HEADLINES [click on headline to view story]:

EGAT privatization ‘necessary for energy hub vision’

Leading bankers see interest rates staying low

January consumer confidence index down

EGAT privatization ‘necessary for energy hub vision’

A senior Energy Ministry official has touted the proposed privatization of the Electricity Generating Authority of Thailand (EGAT) as the only mean to strengthen the organization, and enable it to participate in the government’s plan of transforming Thailand into a regional energy hub.

Speaking at a recent public hearing on the EGAT privatization, Viset Choopiban, assistant to the energy minister, said that the privatization would allow EGAT to mobilize its own capital for investment projects, while reducing the state’s burden as a guarantor of loans.

Nonetheless, he stressed that the privatized EGAT would continue to work in accordance with government policies, in particular the government’s strategy of transforming Thailand into a regional centre for the energy trade. At the same time, he said, the privatized EGAT would serve to promote the government’s strategy of boosting economies and societies of neighboring countries, including the Association of Southeast Asian Nations (ASEAN) Power Grid Project for regional resource and energy pooling.

As part of the ASEAN project, countries in the 10-member regional grouping will promote ‘national champions’ in electricity operations, which will act as regional players in the electricity industry.

The government also hopes to encourage Thai electricity companies to invest in neighboring countries, which, in turn, is hoped to lead to greater economic development, a reduction in social problems, and the elimination of economic migration to Thailand.

Viset said, “It is vital that Thailand revamp its electricity operations in order to maintain costs at a low level and to ensure that the system remained stable. The new system would operate on an enhanced single buyer model (ESB), with agencies to supervise and maintain the rules for electricity providers; thus, creating a clear separation between providers and supervisors. This would serve to enhance competition in the electricity production system, as well as encourage companies to boost their efficiency and develop their operations.”

Wiset added that a privatized EGAT would also lead to development and transparency in accordance with international standards, while ensuring that the electricity sector remained flexible in line with the prevailing business climate. (TNA)

Leading bankers see interest rates staying low

The Thai Bankers Association projects that the country’s current low interest rate environment will remain unchanged in the near future, even with increased lending from the country’s financial institutions, particularly from commercial banks.

The country’s largest commercial bank, Bangkok Bank Plc’s president Chartsiri Sophonpanich, who also is the association’s chairman, said interest rates will not be increased in the foreseeable future. “The low interest rate environment aids the country’s economic growth and helps boost investment in the private sector,” he said.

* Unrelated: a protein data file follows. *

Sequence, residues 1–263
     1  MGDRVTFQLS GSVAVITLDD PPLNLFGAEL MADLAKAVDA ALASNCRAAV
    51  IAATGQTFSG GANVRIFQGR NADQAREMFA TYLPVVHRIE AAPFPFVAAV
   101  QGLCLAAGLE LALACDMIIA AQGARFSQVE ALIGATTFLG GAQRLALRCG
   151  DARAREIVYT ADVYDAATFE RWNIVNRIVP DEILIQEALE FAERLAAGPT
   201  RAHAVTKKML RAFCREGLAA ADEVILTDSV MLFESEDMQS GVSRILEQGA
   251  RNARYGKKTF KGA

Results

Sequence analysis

However, he noted that the association would have to closely monitor interest trends in foreign countries and the interest rate policies of the Bank of Thailand (BOT) and the Ministry of Finance.

The maintaining of the country’s low interest rate policy is being witnessed in all types of commercial bank deposit accounts. Currently, the interest rates on savings accounts are the lowest at 0.75 percent, while the lowest lending rate is 5.50 percent, amidst flooding liquidity in the country’s financial system.

Chartsiri also projected that lending in Thailand will expand by 10 percent, in line with economic growth, which is on a rising trend. More industrial manufacturers are acquiring loans for their business expansion.

“The country’s economy is growing, particularly this year, and I see financial institution lending increasing by 10 percent,” Chartsiri said. (TNA)

January consumer confidence index down

Thailand’s consumer confidence index on the economy in January 2004 fell to 107.5 from 110.9 record high level reported in December 2003 because people were worried about the bird flu crisis in Thailand and in some Asian countries.

The Economic and Business Forecasting Center at Thai Chamber of Commerce University said in its report that all index items were down for the first time in the last 6 months.

The report stated that confidence index on job opportunity also dropped to 100.0 in January from 102.9 of a previous month, while confidence index on future income went down to 121.0 in January from 123.3 in December last year.

However the report noted that the consumer confidence index was still higher than the 100 level which was an indication that Thais still believe the nation’s economy will continue to expand.

Apart from the bird flu epidemic, other negative factors included the fluctuation in the stock market, which brought down the Stock Exchange of Thailand (SET) composite index to a lower level than that of the end of last year, the violence in the south, the worry about bubble economy, the rising in baht value and the slow progress in financial institutions’ non-performing loans (NPLs) problem solving.

Encouraging factors included expansion in exports, oil price control measure of the government and the government’s policy on low interest rates to stimulate economy. (TNA)